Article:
Prospective study on the effect of magnetic stimulation in Parkinson's patients
- Location: Philadelphia Veteran's Affairs Medical Center (PVAMC), Philadelphia, PA and Children's Hospital of Philadelphia, Philadelphia, PA
This treatment has the potential to dramatically improve quality of life for patients suffering from the disease. As designed, this double blind, randomized trial will test the effectiveness of a picoTesla magnetic treatment versus a sham device on motor function for patients with Parkinson's disease. Research has been conducted at the Veteran's Administration Parkinson Research Center in the Philadelphia Veterans' Administration Hospital Medical Center.
Objective: Parkinson's disease (PD) is a progressive, degenerative neurological condition potentially leading to significant disability and morbidity. It is characterized by the clinical triad of bradykinesia, rigidity, and resting tremor. Currently, there is no cure or proven neuro-protective therapy for PD. With PD typically diagnosed at middle age due to progressive symptoms, the disease is prominent in the population of patients served by the Department of Veterans Affairs. Current research seeks to provide a drug free, noninvasive and non-toxic therapy for PD through transcranial magnetic stimulation in the form of picoTesla magnetic therapy (pTMT).
Research Design: This double-blind, randomized sham-controlled study (n = 20) will test the efficacy of pTMT to reduce motor and neuropsychiatric symptoms in PD patients at the PVAMC.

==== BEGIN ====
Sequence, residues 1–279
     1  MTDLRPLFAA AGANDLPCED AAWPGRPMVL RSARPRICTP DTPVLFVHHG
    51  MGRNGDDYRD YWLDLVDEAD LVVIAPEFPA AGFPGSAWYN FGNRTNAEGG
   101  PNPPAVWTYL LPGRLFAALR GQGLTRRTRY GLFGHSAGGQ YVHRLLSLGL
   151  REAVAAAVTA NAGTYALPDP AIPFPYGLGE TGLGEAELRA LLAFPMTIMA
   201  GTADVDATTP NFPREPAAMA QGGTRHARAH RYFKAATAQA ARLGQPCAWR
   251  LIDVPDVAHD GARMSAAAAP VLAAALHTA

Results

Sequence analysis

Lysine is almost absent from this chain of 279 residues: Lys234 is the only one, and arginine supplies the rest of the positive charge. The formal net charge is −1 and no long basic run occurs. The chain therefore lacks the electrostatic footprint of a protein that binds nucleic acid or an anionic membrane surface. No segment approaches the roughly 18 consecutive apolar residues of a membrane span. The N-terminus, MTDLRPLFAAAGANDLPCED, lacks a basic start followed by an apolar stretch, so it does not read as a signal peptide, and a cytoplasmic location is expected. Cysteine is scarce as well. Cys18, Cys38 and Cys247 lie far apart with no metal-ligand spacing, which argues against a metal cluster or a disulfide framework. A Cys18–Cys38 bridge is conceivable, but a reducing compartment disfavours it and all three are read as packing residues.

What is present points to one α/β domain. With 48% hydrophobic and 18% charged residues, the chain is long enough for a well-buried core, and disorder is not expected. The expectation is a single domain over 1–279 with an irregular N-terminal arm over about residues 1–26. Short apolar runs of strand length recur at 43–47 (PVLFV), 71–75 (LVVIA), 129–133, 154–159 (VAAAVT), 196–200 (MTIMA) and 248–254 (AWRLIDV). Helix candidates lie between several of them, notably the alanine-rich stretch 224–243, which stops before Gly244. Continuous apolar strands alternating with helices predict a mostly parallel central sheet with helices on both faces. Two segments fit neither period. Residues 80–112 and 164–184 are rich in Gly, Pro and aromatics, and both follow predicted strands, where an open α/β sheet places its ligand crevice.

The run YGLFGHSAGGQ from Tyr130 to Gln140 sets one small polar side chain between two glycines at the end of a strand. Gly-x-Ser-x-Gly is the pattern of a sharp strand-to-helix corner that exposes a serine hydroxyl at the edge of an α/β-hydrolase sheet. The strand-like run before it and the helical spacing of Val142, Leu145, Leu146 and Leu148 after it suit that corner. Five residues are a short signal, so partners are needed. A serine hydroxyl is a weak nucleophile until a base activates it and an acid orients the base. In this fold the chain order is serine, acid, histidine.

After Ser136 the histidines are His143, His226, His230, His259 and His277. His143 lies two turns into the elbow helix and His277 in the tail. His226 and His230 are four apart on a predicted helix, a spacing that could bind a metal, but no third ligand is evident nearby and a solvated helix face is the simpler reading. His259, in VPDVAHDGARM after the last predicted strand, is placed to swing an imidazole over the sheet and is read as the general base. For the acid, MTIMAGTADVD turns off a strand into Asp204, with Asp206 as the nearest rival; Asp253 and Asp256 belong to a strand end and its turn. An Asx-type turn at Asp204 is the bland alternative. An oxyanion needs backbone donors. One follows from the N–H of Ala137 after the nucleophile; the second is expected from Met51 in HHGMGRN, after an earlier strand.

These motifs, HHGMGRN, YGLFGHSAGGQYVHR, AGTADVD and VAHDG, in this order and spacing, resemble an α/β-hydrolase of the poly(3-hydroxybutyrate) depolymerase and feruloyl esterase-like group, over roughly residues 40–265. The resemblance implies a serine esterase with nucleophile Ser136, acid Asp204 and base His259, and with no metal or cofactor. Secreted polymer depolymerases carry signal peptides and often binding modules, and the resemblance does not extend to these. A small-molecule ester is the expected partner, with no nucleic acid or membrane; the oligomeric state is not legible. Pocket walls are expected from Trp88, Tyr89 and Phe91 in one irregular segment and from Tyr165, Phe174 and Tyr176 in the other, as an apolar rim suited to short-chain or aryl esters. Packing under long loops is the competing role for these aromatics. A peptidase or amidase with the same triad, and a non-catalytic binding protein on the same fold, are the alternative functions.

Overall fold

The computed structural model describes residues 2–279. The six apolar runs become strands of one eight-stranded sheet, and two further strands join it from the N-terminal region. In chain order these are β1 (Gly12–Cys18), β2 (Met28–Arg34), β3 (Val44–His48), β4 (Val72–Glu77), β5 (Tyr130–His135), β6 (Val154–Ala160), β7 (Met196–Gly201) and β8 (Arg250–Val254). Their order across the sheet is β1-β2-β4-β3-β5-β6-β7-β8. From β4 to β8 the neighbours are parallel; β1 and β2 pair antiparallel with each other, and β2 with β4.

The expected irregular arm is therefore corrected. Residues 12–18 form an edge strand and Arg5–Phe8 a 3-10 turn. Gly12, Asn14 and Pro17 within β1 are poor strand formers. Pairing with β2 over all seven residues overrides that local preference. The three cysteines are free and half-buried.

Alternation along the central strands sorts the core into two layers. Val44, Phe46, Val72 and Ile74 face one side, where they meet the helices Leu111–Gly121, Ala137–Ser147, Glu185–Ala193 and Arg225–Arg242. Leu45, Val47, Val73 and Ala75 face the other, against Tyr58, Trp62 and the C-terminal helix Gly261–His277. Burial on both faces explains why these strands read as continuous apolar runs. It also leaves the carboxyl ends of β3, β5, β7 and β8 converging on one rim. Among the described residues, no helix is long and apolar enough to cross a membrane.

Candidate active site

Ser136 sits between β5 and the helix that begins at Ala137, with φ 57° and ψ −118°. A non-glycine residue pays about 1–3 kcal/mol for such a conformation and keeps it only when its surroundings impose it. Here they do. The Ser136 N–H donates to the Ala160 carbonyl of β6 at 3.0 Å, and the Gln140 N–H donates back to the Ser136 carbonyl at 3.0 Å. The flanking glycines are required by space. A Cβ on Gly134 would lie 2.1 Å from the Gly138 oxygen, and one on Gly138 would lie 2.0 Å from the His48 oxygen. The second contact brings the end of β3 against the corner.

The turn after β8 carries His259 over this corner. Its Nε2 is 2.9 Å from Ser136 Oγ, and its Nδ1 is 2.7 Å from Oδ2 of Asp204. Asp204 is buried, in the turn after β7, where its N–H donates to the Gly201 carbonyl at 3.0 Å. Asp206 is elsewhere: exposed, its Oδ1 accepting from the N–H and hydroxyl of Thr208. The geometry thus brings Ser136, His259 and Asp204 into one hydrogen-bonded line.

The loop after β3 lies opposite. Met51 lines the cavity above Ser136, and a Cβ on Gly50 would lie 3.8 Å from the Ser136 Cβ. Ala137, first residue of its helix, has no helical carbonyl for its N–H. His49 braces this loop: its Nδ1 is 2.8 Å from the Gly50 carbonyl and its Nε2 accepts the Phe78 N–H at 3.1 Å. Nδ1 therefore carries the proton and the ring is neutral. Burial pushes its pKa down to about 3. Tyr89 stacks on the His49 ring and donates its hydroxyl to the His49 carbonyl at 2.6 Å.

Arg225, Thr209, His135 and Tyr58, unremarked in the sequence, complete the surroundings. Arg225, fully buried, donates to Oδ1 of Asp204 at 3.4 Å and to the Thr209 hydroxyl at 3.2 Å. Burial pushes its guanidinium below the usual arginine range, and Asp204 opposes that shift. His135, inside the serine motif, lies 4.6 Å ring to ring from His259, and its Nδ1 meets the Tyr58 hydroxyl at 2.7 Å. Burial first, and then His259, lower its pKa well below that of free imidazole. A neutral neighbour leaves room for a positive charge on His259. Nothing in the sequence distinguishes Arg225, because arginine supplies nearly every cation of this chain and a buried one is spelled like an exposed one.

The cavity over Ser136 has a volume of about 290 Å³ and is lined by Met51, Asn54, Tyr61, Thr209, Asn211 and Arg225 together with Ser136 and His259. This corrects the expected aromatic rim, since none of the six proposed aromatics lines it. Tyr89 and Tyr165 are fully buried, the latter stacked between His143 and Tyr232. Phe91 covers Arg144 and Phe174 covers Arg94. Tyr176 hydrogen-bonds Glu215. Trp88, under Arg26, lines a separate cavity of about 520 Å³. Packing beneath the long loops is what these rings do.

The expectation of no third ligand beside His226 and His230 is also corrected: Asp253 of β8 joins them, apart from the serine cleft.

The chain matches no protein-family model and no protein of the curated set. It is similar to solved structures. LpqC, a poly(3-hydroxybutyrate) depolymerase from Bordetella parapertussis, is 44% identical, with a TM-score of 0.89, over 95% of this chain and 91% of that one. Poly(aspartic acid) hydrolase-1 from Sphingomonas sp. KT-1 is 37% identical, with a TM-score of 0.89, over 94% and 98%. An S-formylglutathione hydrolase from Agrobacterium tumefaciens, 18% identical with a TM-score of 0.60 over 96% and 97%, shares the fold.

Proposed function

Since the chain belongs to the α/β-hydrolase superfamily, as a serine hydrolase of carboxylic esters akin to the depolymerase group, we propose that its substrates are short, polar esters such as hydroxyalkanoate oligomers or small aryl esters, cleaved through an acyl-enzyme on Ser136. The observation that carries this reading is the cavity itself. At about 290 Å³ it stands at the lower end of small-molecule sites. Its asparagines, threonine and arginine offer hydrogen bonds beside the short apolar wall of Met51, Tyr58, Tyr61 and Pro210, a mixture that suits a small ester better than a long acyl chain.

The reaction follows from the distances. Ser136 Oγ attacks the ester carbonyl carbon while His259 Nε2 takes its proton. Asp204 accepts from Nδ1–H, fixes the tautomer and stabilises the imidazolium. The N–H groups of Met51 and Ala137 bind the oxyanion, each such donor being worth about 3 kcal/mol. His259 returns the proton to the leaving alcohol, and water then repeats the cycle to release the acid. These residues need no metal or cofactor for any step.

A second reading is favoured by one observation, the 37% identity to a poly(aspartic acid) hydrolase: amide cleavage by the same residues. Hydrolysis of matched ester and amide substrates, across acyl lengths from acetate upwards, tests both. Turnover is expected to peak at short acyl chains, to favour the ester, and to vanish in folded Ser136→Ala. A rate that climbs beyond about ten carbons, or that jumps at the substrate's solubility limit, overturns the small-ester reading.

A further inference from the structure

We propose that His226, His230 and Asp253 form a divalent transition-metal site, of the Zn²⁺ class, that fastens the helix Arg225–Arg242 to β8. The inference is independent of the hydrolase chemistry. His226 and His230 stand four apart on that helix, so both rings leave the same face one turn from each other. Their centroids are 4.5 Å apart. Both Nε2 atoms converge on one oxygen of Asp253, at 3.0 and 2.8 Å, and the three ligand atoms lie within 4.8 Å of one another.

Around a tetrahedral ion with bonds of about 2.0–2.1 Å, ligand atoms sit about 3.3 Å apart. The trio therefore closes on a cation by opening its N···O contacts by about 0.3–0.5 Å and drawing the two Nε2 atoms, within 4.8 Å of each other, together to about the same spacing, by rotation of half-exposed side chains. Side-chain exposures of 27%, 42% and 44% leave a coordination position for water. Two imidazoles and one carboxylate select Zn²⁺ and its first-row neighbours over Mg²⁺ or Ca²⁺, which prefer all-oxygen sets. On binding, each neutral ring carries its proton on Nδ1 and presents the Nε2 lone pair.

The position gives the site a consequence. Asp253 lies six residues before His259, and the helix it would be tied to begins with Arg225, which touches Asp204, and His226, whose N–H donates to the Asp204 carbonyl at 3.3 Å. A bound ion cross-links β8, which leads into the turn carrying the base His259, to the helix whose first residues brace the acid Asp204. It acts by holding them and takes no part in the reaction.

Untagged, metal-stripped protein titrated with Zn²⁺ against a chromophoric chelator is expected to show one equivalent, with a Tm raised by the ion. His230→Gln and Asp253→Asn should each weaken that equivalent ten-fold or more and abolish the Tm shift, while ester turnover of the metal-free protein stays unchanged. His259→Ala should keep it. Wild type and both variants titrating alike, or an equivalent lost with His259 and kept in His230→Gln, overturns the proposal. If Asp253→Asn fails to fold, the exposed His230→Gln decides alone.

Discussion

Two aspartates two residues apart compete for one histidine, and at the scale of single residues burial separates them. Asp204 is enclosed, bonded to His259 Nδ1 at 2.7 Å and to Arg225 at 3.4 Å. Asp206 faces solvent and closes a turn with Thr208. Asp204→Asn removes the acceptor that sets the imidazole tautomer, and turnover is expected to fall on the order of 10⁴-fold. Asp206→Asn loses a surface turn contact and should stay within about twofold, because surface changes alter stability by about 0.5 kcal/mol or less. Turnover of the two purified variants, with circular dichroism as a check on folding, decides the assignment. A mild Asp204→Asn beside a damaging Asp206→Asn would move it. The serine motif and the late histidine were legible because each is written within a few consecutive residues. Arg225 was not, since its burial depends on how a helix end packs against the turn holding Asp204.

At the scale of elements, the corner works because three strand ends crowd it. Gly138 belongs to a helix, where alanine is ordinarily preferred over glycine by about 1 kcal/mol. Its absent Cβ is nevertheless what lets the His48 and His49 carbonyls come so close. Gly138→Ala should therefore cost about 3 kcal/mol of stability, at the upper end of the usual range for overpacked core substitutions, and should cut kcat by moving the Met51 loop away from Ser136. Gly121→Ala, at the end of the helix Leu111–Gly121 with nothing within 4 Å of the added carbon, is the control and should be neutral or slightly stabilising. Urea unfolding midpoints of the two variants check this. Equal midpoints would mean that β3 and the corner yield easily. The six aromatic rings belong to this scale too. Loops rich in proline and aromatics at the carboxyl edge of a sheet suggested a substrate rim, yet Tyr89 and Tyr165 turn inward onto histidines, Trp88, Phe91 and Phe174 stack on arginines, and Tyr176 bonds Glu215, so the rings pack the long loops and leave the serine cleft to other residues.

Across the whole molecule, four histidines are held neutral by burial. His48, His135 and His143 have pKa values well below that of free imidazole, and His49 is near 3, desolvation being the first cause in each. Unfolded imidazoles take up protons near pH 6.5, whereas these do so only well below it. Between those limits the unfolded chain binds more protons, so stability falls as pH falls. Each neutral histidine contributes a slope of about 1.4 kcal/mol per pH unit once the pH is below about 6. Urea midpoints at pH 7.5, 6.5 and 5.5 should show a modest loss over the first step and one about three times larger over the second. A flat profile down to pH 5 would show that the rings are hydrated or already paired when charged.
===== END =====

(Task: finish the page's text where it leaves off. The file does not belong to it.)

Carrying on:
Methodology: Evaluations included the Unified Parkinson's Disease Rating Scale (UPDRS), magneto encephalogram (MEG), a neuropsychological battery (including global assessments of cognitive function, specific assessments of language, attention, executive function, learning and memory, and assessments of neuropsychiatric symptoms including depression, anxiety, apathy and psychosis), a PD specific assessment of quality of life (QOL) and computer automated assessment of gait. These assessments were performed at baseline and at three months with the UPDRS and MEG being performed in the "on-state" (on medications) as well as in a functional "off-state" (no anti-Parkinsonian medications for the previous 12 hours). Participants were examined at one month with an "on-state" UPDRS and MEG.
Outcome: This research project was started under the FAIM umbrella and has been transferred to another institution for completion. See External Magnetic Stimulation for Parkinson's Disease presented by John Duda, MD on FAIM's report of the Samueli Institute's Brain, Mind and Healing Symposium.